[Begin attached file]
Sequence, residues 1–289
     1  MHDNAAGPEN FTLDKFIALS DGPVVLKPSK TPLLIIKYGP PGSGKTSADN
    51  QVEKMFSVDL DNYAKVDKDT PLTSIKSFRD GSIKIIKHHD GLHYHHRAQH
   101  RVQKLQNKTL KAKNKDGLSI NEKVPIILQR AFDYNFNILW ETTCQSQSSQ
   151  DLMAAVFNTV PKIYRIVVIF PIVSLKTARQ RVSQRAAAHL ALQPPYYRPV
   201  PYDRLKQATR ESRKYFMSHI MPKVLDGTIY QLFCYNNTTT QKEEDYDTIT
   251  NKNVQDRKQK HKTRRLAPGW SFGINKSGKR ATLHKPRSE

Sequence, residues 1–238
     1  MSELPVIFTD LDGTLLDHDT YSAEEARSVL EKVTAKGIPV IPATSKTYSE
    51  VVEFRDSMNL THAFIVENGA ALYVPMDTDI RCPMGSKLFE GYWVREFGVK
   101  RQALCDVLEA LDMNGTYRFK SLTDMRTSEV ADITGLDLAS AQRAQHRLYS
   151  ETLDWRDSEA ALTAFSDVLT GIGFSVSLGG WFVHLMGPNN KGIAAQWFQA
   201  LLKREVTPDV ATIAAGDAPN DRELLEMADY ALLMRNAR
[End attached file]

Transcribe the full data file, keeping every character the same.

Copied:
Sequence, residues 1–289
     1  MHDNAAGPEN FTLDKFIALS DGPVVLKPSK TPLLIIKYGP PGSGKTSADN
    51  QVEKMFSVDL DNYAKVDKDT PLTSIKSFRD GSIKIIKHHD GLHYHHRAQH
   101  RVQKLQNKTL KAKNKDGLSI NEKVPIILQR AFDYNFNILW ETTCQSQSSQ
   151  DLMAAVFNTV PKIYRIVVIF PIVSLKTARQ RVSQRAAAHL ALQPPYYRPV
   201  PYDRLKQATR ESRKYFMSHI MPKVLDGTIY QLFCYNNTTT QKEEDYDTIT
   251  NKNVQDRKQK HKTRRLAPGW SFGINKSGKR ATLHKPRSE

Sequence, residues 1–238
     1  MSELPVIFTD LDGTLLDHDT YSAEEARSVL EKVTAKGIPV IPATSKTYSE
    51  VVEFRDSMNL THAFIVENGA ALYVPMDTDI RCPMGSKLFE GYWVREFGVK
   101  RQALCDVLEA LDMNGTYRFK SLTDMRTSEV ADITGLDLAS AQRAQHRLYS
   151  ETLDWRDSEA ALTAFSDVLT GIGFSVSLGG WFVHLMGPNN KGIAAQWFQA
   201  LLKREVTPDV ATIAAGDAPN DRELLEMADY ALLMRNAR